CAB had to immediately pivot services to focus on doing food distributions, expanding its rental assistance programs, and handing out personal protective equipment like face masks, face shields and hand sanitizers.

Meanwhile, undocumented immigrants are ineligible for federal benefits, even in a pandemic, although those in California have been granted some assistance.

In general, poverty has been a central discussion point in discussions around recovering from both the pandemic and the recession. As Newel made the decision to reopen more sectors of the economy last month, in line with other counties across the state, she cited her concerns about poverty as a reason to move ahead.

“As I’ve said before, the reality of death by poverty is very much a real thing. People die because they don’t have adequate housing and food and other things that poverty puts them at risk for,” Newel said. “If we don’t have an economy that’s reopened, we will have deaths as a result of that as well. So I have to balance that with my concerns for public health and safety.”

WAGE AGAINST

Though cases in Santa Cruz County have remained relatively low compared to other communities around the state, Watsonville and its large Latino community—80% of the population in the county’s southernmost city—has been hit the hardest during the Covid-19 pandemic.

As of Monday, there were 181 known active cases in the county, and there have 459 cases overall since March. More than half of the county’s total overall cases have been identified in the Watsonville area. Latino residents make up 51.9% of the county’s cases despite being only 33.5% of the county’s population. At the state level, Latino residents account for roughly 56% of Covid-19 cases despite being only 38.9% of California’s population.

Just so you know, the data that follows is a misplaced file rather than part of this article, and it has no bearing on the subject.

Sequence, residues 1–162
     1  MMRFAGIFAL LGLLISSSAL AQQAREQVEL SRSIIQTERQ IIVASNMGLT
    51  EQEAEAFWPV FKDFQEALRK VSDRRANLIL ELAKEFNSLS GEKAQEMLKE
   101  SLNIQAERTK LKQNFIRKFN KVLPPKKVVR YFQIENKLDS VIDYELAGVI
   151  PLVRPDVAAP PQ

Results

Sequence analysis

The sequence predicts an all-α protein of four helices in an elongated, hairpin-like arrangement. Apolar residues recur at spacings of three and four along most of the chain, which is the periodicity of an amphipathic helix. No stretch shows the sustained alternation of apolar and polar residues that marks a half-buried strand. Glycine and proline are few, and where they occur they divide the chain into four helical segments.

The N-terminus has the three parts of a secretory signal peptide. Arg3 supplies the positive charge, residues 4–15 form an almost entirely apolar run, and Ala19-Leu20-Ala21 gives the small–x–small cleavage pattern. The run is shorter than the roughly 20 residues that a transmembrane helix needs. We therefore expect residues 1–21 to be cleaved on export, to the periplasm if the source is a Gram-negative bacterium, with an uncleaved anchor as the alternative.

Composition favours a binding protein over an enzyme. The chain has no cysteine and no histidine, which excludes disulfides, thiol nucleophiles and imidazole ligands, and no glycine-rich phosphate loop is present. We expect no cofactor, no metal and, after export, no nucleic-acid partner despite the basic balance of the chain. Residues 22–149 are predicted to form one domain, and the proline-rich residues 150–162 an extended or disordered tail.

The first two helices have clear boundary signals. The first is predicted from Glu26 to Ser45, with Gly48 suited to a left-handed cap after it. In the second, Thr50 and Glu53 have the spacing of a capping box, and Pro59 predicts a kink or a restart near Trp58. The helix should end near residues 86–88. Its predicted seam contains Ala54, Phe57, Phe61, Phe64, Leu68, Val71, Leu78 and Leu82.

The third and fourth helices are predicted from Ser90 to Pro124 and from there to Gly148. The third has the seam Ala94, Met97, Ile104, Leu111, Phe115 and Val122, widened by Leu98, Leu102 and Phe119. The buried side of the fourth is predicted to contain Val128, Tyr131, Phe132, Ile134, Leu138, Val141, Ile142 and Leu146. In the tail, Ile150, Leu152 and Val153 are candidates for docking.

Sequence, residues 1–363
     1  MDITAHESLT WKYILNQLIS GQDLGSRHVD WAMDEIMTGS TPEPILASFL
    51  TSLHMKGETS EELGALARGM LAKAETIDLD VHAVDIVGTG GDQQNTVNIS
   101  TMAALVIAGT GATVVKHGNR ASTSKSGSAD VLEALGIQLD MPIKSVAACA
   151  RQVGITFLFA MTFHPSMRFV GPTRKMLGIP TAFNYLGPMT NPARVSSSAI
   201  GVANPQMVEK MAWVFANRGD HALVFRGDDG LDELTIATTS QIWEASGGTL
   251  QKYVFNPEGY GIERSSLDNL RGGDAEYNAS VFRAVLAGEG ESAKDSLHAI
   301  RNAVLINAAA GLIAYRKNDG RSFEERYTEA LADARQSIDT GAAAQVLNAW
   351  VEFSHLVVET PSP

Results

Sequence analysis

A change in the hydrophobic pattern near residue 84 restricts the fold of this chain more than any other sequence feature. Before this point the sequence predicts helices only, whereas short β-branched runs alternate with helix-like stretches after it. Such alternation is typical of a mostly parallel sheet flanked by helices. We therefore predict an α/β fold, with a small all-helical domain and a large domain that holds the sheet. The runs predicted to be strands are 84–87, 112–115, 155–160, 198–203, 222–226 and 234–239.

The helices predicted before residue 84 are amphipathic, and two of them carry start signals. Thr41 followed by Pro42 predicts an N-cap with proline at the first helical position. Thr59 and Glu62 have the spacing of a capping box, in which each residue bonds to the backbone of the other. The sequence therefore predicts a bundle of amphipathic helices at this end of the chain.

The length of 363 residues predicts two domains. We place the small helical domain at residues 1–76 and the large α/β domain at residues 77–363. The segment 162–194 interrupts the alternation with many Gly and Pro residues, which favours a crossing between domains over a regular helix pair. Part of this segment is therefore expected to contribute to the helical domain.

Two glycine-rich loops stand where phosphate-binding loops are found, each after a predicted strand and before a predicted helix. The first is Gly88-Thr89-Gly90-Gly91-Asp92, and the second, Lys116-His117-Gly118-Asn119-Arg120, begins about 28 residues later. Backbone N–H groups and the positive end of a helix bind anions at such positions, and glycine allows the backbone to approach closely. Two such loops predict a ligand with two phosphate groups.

In the June 11 press conference, Deputy County Health Officer David Ghilarducci said the county’s residents of color have taken the brunt of the pandemic because many work in industries that were deemed essential by county and state orders, such as grocery stores, gas stations and hardware stores.

Watsonville City Councilman Felipe Hernandez says that the city of Watsonville’s economic profile, combined with the low wages and minimal benefits that are found in many of those industries, have created a dangerous landscape for Watsonville’s workers. While some industries closed their offices and moved online, many in Watsonville continued reporting to work despite health concerns because they had to pay bills.

“Everywhere you’re most likely to get infected with Covid, [Latino residents] are there,” Hernandez says. “Unfortunately, they’re there for 8-12 hours every day for low wages, no paid sick days, no health care, no option to work from home. There is an underlying issue and it’s being illustrated right now.”